The Sports and Pastimes of the People of England: Including the Rural and Domestic Recreations, May Games, Mummeries, Shows, Processions, Pageants, and Pompous Spectacles, from the Earlist Period to the Presnt Time
Thomas Tegg, 1841 - 420 pages
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The Sports and Pastimes of the People of England: Including the Rural and ...
Affichage du livre entier - 1867
afterwards amusement ancient appears archers arms arrows ball bear bear-baiting bells birds Bodleian Library bowl boys bull-baiting called cards cast chap Chaucer chess church Cotton Library court cross-bow dancing dice dogs Du Cange earl Edward Edward III England English engraving especially esquire exceedingly exercise exhibited favourite festival fourteenth century French frequently gleemen ground hand Harl Harleian Harleian Collection Harleian Library hawking head Henry VIII Hist honour horses hounds hunting joculator John jugglers kind king king's knights ladies lance lord manner manuscript mark Matthew Paris mentioned minstrels modern monarch nobility occasion original pageants pastime performed persons piece play players poet practised present prince probably quintain reign ring rope Royal Library running Saint Saxon says shillings shooting sometimes speaks spectators sport Survey of London sword throw tournament tumbling usually writers young
Page 154 - God; we acknowledge thee to be the Lord. All the earth doth worship thee, the Father everlasting. To thee, all Angels cry aloud; the Heavens, and all the Powers therein. To thee, Cherubim and Seraphim continually do cry, Holy, Holy, Holy, Lord God of Sabaoth; Heaven and earth are full of the Majesty of thy Glory.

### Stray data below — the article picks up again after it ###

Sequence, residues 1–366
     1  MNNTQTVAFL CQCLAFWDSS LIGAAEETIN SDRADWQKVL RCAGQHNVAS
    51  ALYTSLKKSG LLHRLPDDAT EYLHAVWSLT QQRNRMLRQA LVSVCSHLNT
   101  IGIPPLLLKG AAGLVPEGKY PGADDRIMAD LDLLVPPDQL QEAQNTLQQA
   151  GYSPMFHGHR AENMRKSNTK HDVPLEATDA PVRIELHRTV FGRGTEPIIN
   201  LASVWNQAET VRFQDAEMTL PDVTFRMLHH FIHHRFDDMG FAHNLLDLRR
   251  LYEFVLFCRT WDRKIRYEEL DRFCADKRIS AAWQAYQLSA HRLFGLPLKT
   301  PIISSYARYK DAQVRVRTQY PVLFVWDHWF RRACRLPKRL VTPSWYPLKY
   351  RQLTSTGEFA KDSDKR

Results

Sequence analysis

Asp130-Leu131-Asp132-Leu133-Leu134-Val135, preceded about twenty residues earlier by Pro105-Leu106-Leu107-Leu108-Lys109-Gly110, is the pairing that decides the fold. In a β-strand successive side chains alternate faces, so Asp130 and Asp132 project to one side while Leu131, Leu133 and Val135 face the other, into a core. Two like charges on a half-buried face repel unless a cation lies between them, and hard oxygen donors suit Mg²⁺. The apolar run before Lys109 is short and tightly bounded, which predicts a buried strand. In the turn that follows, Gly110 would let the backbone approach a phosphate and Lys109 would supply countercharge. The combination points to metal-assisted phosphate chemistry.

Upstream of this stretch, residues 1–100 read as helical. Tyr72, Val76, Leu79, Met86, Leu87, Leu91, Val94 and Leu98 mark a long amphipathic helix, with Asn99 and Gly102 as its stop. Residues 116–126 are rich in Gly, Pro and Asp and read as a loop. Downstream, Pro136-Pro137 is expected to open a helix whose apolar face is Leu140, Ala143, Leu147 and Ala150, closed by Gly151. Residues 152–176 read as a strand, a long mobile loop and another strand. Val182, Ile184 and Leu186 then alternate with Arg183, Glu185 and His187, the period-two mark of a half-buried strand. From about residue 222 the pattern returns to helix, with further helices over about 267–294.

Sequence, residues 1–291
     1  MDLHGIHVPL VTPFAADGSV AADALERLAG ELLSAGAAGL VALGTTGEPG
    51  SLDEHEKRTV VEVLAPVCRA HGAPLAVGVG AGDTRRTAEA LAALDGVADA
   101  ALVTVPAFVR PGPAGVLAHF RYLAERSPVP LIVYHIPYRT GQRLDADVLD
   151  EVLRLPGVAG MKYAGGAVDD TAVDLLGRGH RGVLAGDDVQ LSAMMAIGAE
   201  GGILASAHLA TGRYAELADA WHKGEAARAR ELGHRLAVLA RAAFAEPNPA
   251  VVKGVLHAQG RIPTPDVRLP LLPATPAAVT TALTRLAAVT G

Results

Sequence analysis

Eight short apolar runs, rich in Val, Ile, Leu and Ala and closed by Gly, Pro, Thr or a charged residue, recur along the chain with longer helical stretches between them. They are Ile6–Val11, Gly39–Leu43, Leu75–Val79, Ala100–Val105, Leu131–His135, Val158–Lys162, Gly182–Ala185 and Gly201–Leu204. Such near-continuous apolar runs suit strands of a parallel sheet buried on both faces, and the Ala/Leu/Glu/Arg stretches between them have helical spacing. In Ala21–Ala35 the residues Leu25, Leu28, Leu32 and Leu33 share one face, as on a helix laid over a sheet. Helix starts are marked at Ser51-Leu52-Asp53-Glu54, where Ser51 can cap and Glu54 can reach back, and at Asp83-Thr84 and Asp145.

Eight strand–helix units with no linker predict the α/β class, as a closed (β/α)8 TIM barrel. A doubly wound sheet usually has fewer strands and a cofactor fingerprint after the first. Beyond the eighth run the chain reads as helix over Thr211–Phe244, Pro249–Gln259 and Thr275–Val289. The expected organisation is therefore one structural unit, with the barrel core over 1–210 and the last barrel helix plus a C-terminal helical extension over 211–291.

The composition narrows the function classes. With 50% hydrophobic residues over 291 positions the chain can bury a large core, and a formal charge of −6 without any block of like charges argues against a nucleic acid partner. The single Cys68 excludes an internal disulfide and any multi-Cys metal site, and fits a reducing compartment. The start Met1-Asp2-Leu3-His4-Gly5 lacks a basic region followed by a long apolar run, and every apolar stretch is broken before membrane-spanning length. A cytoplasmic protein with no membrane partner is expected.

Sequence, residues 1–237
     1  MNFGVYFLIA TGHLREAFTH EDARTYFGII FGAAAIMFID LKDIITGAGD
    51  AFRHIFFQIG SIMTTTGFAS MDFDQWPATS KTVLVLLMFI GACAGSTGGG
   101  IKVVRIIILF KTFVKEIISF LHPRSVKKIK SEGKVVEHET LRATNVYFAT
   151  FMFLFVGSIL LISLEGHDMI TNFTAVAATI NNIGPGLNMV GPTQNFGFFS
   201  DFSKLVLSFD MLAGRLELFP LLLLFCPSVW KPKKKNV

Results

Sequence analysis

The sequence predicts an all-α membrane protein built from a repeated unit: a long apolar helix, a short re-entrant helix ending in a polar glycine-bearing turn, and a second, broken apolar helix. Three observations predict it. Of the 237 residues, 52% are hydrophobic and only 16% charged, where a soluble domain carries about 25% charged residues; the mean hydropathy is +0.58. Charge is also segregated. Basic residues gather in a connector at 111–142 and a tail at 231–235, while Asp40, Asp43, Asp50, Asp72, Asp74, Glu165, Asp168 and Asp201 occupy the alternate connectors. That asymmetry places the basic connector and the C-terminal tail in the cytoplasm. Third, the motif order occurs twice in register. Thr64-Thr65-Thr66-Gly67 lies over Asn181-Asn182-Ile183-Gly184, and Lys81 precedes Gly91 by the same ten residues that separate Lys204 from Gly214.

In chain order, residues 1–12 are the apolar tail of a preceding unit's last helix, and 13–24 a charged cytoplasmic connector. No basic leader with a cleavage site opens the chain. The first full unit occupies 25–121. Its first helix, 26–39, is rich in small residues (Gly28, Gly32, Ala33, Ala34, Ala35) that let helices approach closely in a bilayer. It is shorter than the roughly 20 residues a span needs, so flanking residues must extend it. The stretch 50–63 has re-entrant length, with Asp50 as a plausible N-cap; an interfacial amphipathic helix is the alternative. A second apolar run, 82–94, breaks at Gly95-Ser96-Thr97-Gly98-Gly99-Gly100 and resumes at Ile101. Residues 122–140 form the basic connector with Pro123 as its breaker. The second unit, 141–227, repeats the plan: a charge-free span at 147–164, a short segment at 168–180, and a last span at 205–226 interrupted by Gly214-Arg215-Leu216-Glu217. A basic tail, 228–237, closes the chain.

Page 160 - The country people flock from all sides, many miles off, to hear and see it ; for they have therein devils and devices, to delight as well the eye as the eare ; the players conne not their parts without booke, but are prompted by one called the ordinary, who followeth at their back with the book in his hand, and telleth them softly what they must pronounce aloud.
Page 399 - What, art mad ? A man may see how this world goes with no eyes. Look with thine ears: see how yond justice rails upon yond simple thief. Hark, in thine ear: change places; and, handy-dandy, which is the justice, which is the thief?
Page li - A strange fish! Were I in England now, as once I was, and had but this fish painted, not a holiday fool there but would give a piece of silver. There would this monster make a man. Any strange beast there makes a man. When they will not give a doit to relieve a lame beggar, they will lay out ten to see a dead Indian.
Page 290 - Year. When I considered the Fragrancy of the Walks and Bowers, with the Choirs of Birds that sung upon the Trees, and the loose Tribe of People that walked under their Shades, I could not but look upon the Place as a kind of Mahometan Paradise.
Page 371 - squire of the parish treats the whole company every year with a hogshead of ale, and proposes a beaver hat as a recompense to him who gives most falls.
Page 260 - It was a sport very pleasant to see the bear, with his pink eyes learing after his enemies, approach ; the nimbleness and wait of the dog to take his advantage ; and the force and experience of the bear again to avoid his assaults : if he were bitten in one place, how he would pinch in another to get free ; that if he were taken once, then...
Page 260 - ... taken once, then what shift with biting, with clawing, with roaring, tossing, and tumbling, he would work to wind himself from them, and when he was loose, to shake his ears twice or thrice, with tbe...
Page 36 - Weep not; lo, the Lion of the tribe of Judah, the Root of David, has conquered, so that he can open the scroll and its seven seals.